I won’t have it, you are not getting old. Not in the crabbed and misanthropic sense. On the contrary, when one is good, one becomes better, and, as you are already better than most others, you ought to become exquisite.
You are boasting, moreover, when you undertake to be angry against everyone and everything. You could not. You are weak before sorrow, like all affectionate people. The strong are those who do not love. You will never be strong, and that is so much the better. You must not live alone any more; when strength returns you must really live and not shut it up for yourself alone.
For my part, I am hoping that you will be reborn with the springtime. Today we have rain which relaxes, tomorrow we shall have the animating sun. We are all just getting over illnesses, our children had very bad colds, Maurice quite upset by lameness with a cold, I taken again by chills and anemia: I am very patient and I prevent the others as much as I can from being impatient, there is everything in that; impatience with evil always doubles the evil. When shall we be wise as the ancients understood it? That, in substance, meant being patient, nothing else. Come, dear troubadour, you must be a little patient, to begin with, and then you can get accustomed to it; if we do not work on ourselves, how can we hope to be always in shape to work on others?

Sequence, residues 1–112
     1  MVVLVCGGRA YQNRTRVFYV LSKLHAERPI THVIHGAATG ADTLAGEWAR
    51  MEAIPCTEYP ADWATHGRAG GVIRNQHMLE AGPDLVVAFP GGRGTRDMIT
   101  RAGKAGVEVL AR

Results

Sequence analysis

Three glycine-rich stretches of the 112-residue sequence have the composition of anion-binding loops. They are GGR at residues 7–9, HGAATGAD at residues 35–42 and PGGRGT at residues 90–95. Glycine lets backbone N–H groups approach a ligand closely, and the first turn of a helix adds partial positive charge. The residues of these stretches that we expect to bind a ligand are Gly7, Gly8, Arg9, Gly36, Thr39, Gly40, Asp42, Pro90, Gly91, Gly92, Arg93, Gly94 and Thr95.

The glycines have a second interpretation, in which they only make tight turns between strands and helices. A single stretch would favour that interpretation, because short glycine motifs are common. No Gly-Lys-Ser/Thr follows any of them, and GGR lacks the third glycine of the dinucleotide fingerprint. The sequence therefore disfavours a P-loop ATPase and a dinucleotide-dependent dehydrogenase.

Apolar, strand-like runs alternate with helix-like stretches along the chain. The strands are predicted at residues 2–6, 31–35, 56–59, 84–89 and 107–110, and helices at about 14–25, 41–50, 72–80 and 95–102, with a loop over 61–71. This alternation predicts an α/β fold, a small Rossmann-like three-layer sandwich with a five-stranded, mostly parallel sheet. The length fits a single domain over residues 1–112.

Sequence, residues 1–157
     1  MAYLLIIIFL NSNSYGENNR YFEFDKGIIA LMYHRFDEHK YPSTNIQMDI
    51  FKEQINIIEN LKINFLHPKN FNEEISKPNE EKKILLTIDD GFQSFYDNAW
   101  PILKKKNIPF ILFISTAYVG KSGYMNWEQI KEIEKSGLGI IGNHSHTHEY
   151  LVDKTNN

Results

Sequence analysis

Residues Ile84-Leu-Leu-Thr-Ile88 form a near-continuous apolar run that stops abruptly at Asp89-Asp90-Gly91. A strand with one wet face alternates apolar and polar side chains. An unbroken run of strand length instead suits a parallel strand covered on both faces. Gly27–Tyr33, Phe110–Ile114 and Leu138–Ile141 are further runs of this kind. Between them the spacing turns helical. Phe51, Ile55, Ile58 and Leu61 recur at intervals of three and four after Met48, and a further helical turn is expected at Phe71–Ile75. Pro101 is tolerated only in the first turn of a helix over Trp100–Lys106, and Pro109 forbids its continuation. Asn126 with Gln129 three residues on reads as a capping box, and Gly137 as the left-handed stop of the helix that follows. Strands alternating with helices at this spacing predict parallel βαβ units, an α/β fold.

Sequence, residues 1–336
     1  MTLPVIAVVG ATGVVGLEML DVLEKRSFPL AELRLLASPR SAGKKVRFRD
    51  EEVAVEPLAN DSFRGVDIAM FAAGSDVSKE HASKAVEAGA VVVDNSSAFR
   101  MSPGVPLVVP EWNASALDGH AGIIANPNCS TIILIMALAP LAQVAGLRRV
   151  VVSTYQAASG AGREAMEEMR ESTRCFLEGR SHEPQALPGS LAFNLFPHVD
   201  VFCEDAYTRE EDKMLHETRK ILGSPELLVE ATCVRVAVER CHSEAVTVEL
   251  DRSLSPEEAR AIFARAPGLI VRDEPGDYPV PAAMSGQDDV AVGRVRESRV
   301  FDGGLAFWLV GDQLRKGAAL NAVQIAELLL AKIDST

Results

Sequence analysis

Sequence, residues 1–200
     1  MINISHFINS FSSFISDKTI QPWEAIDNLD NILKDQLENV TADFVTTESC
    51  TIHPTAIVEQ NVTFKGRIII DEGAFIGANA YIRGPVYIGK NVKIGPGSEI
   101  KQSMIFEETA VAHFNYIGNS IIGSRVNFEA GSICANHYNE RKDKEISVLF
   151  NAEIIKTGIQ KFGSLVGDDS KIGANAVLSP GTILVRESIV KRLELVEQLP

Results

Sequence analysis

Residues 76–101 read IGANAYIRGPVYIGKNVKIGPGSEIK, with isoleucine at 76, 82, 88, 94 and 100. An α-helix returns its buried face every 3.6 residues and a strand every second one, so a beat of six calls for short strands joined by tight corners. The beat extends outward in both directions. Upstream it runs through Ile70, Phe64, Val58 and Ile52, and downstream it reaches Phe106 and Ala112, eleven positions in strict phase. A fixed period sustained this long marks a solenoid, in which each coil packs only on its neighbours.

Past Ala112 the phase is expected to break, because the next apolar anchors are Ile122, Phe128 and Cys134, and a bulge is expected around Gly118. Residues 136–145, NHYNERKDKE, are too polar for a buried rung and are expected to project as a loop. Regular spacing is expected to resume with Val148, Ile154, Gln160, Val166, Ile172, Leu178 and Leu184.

Well, in the midst of all that, don’t forget that we love you and that the hurt you give yourself hurts us too.
I shall go to see you and to shake you as soon as I have regained my feet and my will, which are both backward; I am waiting, I know that they will return.
Affectionate greetings from all our invalids. Punch has lost only his fiddle and he is still smiling and well gilded. Lolo’s baby has had misfortunes, but its clothes dress other dolls. As for me, I can flap only one wing, but I kiss you and I love you.
I know, my friend, that you are very devoted to her. I know that she [Footnote: Letter written about the rumour current, that George Sand had meant to depict the Empress in one of the chief characters of her novel, Malgre tout; the letter was sent by Flaubert to Madame Cornu, god-child of Queen Hortense, and foster-sister of Napoleon III.] is very kind to unfortunates who have been recommended to her; that is all that I know of her private life. I have never had any revelation nor document about her, not A word, not A deed, which would authorize me to depict her. So I have drawn only a figure of fancy, I swear it, and those who pretended to recognize her in a satire would be, in any case, bad servants and bad friends.